Turquoise trade beads from Beckham County
Stone beads are found in the early Caddoan occupations of eastern Oklahoma, especially in the Harlan phase. They are typically made of black phosphate nodules which have been shaped and perforated, but stone beads are also made of fine grained sandstone, limestone, cannel coal, pipestone, and other materials. Several examples are illustrated in Figure 23.
The stone beads show variation of form and size although they can be roughly grouped into a tubular form and a more globular - barrel or disk-shaped form. They range in size from small washer-shaped beads about 7 mm in diameter to larger globular beads over 35 mm in diameter. The more tubular-shaped specimens may have a length up to 108 mm (Figure 23a).
The beads have been made by a grinding and polishing process which often took advantage of the phosphate nodule form to economize in labor and keep the bead size as large as possible. Grinding facets are commonly present on many specimens. The perforations were made with stone drills for the most part with the hole begun from each side and the drilling continued until the two holes met, forming an hourglass-shaped cross section. Some of the longer tubular beads, however, have holes with an even bore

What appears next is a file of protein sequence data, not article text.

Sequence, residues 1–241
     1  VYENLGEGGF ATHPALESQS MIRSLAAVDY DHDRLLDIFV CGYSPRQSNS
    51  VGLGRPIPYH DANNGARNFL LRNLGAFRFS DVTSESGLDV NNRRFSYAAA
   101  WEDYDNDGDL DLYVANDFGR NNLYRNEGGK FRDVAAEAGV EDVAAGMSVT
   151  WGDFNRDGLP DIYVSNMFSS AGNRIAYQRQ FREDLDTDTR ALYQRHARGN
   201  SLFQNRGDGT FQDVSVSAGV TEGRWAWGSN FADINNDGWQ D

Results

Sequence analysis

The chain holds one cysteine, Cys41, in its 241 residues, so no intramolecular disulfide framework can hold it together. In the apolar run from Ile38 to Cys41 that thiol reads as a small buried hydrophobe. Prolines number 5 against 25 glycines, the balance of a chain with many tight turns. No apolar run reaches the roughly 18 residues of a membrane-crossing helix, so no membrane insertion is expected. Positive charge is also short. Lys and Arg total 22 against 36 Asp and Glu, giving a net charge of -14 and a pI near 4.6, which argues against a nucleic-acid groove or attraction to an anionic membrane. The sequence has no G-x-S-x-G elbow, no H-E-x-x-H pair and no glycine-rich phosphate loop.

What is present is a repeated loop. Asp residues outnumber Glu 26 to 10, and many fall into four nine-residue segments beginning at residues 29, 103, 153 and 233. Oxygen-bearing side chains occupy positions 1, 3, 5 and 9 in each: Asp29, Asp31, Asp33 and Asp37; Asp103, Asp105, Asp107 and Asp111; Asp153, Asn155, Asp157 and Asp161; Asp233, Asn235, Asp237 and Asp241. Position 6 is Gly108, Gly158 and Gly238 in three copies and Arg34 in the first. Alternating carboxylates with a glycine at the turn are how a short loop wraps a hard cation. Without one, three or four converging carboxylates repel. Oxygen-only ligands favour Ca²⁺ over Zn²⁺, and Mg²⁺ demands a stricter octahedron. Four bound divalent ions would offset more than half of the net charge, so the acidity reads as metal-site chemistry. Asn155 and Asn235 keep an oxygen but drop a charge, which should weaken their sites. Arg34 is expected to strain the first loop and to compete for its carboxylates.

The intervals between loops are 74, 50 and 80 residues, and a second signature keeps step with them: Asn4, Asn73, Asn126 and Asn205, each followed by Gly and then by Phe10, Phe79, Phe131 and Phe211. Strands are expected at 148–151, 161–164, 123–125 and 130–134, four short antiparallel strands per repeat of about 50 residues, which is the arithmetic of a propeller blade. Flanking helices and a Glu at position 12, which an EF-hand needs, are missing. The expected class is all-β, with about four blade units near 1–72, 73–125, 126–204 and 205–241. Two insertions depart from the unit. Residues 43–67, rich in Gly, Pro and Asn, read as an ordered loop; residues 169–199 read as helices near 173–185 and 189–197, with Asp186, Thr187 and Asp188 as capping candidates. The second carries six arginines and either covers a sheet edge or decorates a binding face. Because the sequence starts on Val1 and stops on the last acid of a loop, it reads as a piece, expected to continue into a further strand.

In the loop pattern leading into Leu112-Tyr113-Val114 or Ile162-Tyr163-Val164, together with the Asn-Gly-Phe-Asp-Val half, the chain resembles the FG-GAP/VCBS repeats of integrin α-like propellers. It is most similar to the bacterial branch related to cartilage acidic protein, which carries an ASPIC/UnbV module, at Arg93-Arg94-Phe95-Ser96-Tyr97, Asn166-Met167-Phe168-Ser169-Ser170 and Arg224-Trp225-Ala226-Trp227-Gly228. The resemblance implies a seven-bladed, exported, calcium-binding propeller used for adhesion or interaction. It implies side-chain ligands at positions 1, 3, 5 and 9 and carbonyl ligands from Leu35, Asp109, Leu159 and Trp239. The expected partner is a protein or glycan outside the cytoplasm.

suggesting that they were drilled with a cane or stick using sand as an abrasive material.
Beads, which may be stone beads, are shown on some of the conch shell engravings as being worn on the hair forelock over the forehead. Aside from the small sized washer-shaped beads that appear as necklaces, the stone beads are limited in number when found as if they were worn singly or in a small group of two to four specimens. The typical burial association at the Harlan site which contained stone beads, for example, would have from one to four beads present.
Small washer-shaped stone beads of turquoise or other exotic material have been found in Oklahoma. These are apparently trade goods derived from the Southwest and continued in service as a necklace. It should be noted that beads similar in form to the stone beads were also made of conch shell. Rare examples are made of copper and galena.
The tubular specimen illustrated in Figure 23c is of special interest as it has been made from the stem section of a stone pipe. The pipe was broken but at least one section of the stem was salvaged by grinding off the damaged edges and producing a stone bead.